Sunday, May 24, 2009

Vitamin D: Disease Prevention

Image: courtesy of (and

Cancer and Vitamin D
Few prospective vitamin D trials exist in the literature in humans for cancer. Our best data exists as epidemiological observations. The above wonderful graphic depiction of the relationship between disease prevention and serum concentrations of vitamin D [25OHD] was complied by Dr. Davis attended a conference last year and learned that the NIH budget for studying cancer and vitamin D will be increased by $200 million. Heartening to know that funding is being put to actually good use. Cancer has now superceded heart disease to take the #1 spot for mortality in the U.S. Hopefully we'll learn more in a decade or a two! I believe it is difficult to expect Pharma or other large deep-pocketed research giants (backed by lobbyists) to fund a trial where the preventive treatment (OTC at Trader Joe's or Walmart or Target or Costco or costs as little as $2 per month and prevents a $150,000+++ cancer treatment paid for by Medicare and most insurance companies.

In the meantime...can you afford to wait for the research results?

Hopefully NIH scientists will 'get it right'... and...
(1) Use the therapeutic doses of vitamin D 4000-8000 IU daily (not 400-800 IU daily which are literally doses recommended for babies, infants and toddlers by the Academy of Pediatrics),
(2) Use vitamin D3 (not synthetic D2 which is not metabolized well by majority of the globe, esp Indo-Asians, and is linked to toxicity compared to natural D3)
(3) Use 'tracking' of [25OHD] blood concentrations
(4) Use results where [25OHD] is greater than 50 ng/ml (not just greater than 30 ng/ml... see above graph). [25OHD] of 30 ng/ml accomplishes nearly N O T H I N G... except rickets prevention greater than 99%.

Don't you deserve greater than 35%, 83%, 17%, 60%, 18%, 66%, 50%, 72%, 54%, 30%, 49%, 37% prevention, respectively for the cancers and conditions listed above?

And your family and friends?

Vitamin D, Safety and Dosing
Dosing depends on a variety of factors. You really don't know if you have the right dose unless you check 4-6 wks after initiating supplementation. Everyone is uniquely different and so are the enzymes which activate and de-activate vitamin D and its derivatives, the skin protective melanin/pigmentation which blocks excessive activation, how much time spent indoors, how much makeup/sunscreen/clothes are worn, etc.

Dr. Cannell, Dr. Davis and other vitamin D experts advise starting at vitamin D3 5,000 IU daily in the morning/daytime if you receive no sunlight or live in an area devoid of UVB radiation (~half of the year nearly zero UVB above the 37th latitude).

The below graph is from a prominent vitamin D researcher, Dr. Vieth, in Canada where vitamin D supplementation is nearly mandatory (Vieth R 1999). I've superimposed the dose I take to achieve 60 - 70 ng/ml, vitamin D 5,000 IU daily. In winter I take 8,000 to 10,000 IU daily which is more similar to the dosing curve Vieth has determined in his clinical research.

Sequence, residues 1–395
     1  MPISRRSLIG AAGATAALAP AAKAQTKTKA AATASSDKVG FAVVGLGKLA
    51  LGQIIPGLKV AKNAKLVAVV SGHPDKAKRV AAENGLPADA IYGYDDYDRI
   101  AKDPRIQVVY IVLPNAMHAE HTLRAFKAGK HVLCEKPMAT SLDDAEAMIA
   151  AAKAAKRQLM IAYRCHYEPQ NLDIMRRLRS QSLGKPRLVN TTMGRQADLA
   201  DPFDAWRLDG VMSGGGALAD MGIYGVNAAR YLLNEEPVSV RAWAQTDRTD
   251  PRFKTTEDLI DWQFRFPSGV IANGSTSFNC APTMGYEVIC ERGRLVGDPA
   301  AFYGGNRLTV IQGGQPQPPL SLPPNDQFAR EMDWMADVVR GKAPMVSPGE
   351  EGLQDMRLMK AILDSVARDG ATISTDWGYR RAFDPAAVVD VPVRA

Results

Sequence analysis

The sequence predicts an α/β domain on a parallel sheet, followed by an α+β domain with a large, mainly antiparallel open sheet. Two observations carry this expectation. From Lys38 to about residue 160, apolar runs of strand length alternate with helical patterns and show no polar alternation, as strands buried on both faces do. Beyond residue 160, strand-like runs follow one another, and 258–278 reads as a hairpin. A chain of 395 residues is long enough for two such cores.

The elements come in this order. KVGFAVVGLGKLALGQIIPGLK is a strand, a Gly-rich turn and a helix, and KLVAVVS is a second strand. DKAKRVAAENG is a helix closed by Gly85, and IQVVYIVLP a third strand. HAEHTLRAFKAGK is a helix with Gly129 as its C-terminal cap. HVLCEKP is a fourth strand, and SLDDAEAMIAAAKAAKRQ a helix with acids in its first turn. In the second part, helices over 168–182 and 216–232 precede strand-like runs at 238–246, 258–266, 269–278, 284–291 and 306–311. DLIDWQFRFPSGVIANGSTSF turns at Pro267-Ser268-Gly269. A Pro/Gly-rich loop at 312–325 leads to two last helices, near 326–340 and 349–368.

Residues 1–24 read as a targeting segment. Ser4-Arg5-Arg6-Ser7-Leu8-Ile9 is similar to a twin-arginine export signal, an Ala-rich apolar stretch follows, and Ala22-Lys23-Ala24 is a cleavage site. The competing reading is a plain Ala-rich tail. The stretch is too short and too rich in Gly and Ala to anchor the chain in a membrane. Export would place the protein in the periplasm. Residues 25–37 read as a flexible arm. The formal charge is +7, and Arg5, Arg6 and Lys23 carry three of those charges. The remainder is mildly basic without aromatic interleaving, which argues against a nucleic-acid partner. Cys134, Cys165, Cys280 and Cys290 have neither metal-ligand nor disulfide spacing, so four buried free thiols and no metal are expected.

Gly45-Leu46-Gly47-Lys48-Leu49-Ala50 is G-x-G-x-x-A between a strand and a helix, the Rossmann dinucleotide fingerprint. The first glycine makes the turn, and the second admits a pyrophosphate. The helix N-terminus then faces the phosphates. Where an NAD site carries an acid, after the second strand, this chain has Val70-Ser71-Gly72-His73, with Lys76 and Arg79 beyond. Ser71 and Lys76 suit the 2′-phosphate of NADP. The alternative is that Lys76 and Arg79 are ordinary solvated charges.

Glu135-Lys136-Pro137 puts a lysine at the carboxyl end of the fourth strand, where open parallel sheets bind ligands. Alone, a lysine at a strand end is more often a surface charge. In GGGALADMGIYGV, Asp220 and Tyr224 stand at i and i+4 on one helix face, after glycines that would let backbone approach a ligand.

For U.S. standard lab values, to convert nmol/L to ng/ml, divide by 2.5.

Dr. Vieth writes that "The clinical trial evidence shows that a prolonged intake of 250 mug (10,000 IU)/d of vitamin D(3) is likely to pose no risk of adverse effects in almost all individuals in the general population; this meets the criteria for a tolerable upper intake level (Vieth R 2007)."

Dose response for vitamin D intake versus final serum 25-hydroxyvitamin D [25(OH)D] concentration reported. Circles indicate group means from Tables 4 and 5. Points indicated by "X" represent single values from Table 5 for people reported as intoxicated with vitamin D. The arrow indicates the lowest dose reported as causing hypercalcemia, but which is an outlier because vitamin D was given as a single dose of 7500 µg (300000 IU)/mo, instead of 250 µg (10000 IU)/d (77). If authors reported 25(OH)D for several time points, only the final serum 25(OH)D is shown in the figure. The line representing the dose response passes through the points that represent group data.

Low wintertime vitamin D levels in a sample of healthy young adults of diverse ancestry living in the Toronto area: associations with vitamin D intake and skin pigmentation.
Gozdzik A, Barta JL, Wu H, Wagner D, Cole DE, Vieth R, Whiting S, Parra EJ.
BMC Public Health. 2008 Sep 26;8:336.

Vitamin D from dietary intake and sunlight exposure and the risk of hormone-receptor-defined breast cancer.
Blackmore KM, Lesosky M, Barnett H, Raboud JM, Vieth R, Knight JA.
Am J Epidemiol. 2008 Oct 15;168(8):915-24. Epub 2008 Aug 27.

Evidence for genetic regulation of vitamin D status in twins with multiple sclerosis.